I have finished the epilogue for the second volume of The Kaligen Experiment. It is going to be scary and unexpected. It will also foreshadow the biological calamity that is to come later in the series. I will need to reread some of the chapters to reacquaint myself with the story before I can move on. I will keep you updated on all developments.
Before I continue the main story of the second volume of The Kaligen Experiment, I have skipped to the epilogue. The reason for this is because it is going to be a juicy foreshadowing of what is to come in future volumes. You think it’s over simply because you are off Kaligen Island? It’s not over. The games have just begun.
In the latest trailer for the fifth season of Jurassic World: Camp Cretaceous, we got a hint that the Barbasol can that Dennis Nedry used to smuggle embryos out of Jurassic Park has returned. I wonder how this will affect the franchise as a whole. Once Nedry took the embryos out of cryostorage, they only had 36 hours before they were useless to Biosyn. With this in mind, this may be a flashback of someone salvaging the can immediately after the events of Jurassic Park in 1993. Since Mantah Corp are the antagonists of Camp Cretaceous, I wonder if they were the ones who salvaged the can and used the DNA to create some of the dinosaurs on their private island. I hope we get answers when the new season comes out.
I am beyond thrilled for when Prehistoric Planet begins streaming. Not only will it satisfy my dinosaur fanaticism, but it will serve as a possible source of inspiration for future volumes of The Kaligen Experiment. Documentaries about dinosaurs and prehistory have served me well in terms of inspiration.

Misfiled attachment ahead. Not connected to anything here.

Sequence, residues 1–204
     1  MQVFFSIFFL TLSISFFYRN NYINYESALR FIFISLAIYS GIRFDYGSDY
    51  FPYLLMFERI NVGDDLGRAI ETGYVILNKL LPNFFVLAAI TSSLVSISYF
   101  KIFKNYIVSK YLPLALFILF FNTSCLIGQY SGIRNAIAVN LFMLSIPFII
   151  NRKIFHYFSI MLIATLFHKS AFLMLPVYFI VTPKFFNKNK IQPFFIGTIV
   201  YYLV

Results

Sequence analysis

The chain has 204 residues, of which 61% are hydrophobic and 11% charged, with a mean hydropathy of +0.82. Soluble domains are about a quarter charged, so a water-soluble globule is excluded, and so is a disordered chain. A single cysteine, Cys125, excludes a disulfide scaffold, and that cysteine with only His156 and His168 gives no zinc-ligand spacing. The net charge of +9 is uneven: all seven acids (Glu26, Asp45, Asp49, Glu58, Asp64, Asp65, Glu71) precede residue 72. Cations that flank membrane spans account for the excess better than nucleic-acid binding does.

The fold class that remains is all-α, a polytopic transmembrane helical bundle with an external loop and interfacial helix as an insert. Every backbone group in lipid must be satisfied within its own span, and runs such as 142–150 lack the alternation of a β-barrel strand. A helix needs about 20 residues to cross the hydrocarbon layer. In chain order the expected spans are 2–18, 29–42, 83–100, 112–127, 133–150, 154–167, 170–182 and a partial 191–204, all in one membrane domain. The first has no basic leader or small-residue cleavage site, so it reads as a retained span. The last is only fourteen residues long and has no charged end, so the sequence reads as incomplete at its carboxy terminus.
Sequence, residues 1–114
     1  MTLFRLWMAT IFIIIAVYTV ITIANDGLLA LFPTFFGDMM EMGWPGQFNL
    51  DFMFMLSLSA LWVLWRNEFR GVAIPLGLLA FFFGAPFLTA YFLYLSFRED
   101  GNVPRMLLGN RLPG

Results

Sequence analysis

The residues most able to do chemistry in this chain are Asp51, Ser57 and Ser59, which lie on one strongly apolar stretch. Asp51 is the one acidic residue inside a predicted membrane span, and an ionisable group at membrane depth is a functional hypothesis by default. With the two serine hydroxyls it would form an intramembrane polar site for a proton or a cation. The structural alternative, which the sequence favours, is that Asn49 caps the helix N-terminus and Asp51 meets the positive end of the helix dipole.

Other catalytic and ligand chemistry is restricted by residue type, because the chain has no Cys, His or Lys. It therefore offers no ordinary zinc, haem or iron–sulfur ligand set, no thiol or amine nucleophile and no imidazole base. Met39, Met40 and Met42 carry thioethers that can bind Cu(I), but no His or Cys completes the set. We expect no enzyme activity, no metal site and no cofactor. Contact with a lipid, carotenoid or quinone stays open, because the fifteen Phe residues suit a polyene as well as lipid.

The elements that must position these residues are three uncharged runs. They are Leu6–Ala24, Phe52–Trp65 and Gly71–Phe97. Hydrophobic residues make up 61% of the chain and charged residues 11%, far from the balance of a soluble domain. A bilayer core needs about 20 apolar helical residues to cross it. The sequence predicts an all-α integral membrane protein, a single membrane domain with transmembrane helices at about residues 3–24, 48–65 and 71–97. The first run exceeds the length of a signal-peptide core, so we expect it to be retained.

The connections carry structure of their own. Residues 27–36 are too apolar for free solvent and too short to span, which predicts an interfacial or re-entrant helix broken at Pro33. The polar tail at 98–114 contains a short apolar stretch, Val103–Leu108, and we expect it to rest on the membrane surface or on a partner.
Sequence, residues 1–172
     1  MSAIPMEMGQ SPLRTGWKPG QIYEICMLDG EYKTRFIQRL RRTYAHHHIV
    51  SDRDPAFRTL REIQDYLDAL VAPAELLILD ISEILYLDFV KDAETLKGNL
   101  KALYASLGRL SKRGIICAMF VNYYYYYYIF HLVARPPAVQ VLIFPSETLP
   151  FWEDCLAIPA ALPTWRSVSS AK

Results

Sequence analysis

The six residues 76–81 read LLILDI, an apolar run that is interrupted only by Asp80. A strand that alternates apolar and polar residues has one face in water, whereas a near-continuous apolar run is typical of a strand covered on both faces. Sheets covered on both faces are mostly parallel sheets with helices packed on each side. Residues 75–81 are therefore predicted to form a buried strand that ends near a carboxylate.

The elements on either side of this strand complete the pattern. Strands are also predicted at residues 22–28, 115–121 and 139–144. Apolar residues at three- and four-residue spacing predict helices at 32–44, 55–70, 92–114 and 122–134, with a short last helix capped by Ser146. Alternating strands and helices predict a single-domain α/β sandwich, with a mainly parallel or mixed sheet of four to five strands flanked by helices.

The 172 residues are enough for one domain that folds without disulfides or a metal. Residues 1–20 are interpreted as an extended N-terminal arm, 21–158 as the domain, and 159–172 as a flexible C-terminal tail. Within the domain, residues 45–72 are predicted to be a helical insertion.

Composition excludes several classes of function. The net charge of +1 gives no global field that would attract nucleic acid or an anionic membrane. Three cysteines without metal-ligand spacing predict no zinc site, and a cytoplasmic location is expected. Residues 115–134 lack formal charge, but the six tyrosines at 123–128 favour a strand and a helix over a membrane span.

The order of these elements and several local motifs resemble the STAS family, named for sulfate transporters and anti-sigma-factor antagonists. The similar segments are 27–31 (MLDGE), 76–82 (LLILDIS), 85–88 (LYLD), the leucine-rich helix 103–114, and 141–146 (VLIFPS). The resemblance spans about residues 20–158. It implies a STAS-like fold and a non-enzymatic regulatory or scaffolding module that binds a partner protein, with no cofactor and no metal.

I am pleased to report that my writing schedule has opened up. Now, I can turn my attention to the next volume of The Kaligen Experiment. I am excited because a lot had happened where I left off. I will keep you updated on new developments.
Here is a sneak peek for the upcoming dinosaur documentary series, Prehistoric Planet. It features a young T. Rex hunting sea turtles and sporting feathers.
It looks like David Attenborough is at it again with a new dinosaur documentary series: Prehistoric Planet!
In addition to exotic plants and animals, prehistory was a time when ancient and giant landmasses existed. The most famous of these landmasses was the supercontinent Pangea before it broke up into the continents we know today. Other prehistoric landmasses were Laurasia and Gondwana. As The Kaligen Experiment progresses, I will depict the gradual rise of a new landmass that will be like Pangea, Laurasia, and Gondwana. The formation of this new landmass will be tied to the Pacific tectonic plate. Geology is a subject I have not touched on in a while so I will be brushing up on it in the future.
In The Kaligen Experiment, I featured a mutated species of snake that was as big as Titanoboa. I decided to make it scary with a seemingly perpetually angry expression on its face. At the same time, I added a dash of comedy to the snake’s appearance. The giant snake actually yawns like modern snakes would today.
Cannibalism is frequently seen as a major social taboo amongst humans. However, it is a completely different story in the animal kingdom. Even dinosaurs were not exempt from cannibalism. The most successful predators would take advantage of every situation that provides food even if it means feeding on their own kind. This weeds out the weak so that the strongest members of the species would continue to thrive. One of the earliest examples of dinosaur cannibalism is the apex predator of Cretaceous Madagascar: Majungasaurus. Majungasaurus was part of a group of dinosaurs known as Abelisaurids, which have a notorious reputation for cannibalism. Most of the carnivorous species of dinosaur in my book series, The Kaligen Experiment, practice cannibalism. In one of my dinosaur short stories, there will be a scene that revolves around a scenario that results in cannibalism.